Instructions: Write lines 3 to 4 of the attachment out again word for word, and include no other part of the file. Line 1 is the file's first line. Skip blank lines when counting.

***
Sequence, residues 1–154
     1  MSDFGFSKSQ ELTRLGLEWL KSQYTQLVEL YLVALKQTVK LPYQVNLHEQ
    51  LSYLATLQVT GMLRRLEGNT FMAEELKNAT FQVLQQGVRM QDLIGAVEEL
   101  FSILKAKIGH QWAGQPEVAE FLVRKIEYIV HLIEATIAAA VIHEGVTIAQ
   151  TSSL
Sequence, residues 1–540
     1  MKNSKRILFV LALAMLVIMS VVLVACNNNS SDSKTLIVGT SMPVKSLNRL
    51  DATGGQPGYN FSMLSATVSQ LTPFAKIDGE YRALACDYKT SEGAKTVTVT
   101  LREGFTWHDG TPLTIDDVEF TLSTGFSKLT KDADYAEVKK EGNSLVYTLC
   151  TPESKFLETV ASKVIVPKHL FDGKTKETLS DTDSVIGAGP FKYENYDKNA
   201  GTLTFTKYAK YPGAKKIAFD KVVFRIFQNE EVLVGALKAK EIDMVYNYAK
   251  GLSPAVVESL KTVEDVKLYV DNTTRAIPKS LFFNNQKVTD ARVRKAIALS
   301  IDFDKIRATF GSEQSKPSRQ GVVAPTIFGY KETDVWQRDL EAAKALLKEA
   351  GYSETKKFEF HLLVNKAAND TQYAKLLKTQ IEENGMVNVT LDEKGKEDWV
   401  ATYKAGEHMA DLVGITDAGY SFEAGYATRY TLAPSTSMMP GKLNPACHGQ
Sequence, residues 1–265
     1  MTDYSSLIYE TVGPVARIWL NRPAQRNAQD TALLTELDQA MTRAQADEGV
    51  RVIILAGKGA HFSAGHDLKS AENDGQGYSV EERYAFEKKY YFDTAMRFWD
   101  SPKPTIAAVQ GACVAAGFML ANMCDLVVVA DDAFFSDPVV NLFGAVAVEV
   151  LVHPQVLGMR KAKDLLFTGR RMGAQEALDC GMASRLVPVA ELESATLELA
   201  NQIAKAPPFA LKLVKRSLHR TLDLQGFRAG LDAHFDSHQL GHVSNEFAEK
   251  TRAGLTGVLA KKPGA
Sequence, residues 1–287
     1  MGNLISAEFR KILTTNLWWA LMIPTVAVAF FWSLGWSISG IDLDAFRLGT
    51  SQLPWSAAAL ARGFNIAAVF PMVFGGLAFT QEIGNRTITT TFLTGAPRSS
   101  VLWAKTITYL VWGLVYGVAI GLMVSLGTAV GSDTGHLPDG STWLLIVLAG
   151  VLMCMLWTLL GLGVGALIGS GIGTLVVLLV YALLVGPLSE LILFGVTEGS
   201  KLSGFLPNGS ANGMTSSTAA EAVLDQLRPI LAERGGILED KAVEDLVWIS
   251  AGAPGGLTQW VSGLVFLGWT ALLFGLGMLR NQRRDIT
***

    51  LSYLATLQVT GMLRRLEGNT FMAEELKNAT FQVLQQGVRM QDLIGAVEEL
   101  FSILKAKIGH QWAGQPEVAE FLVRKIEYIV HLIEATIAAA VIHEGVTIAQ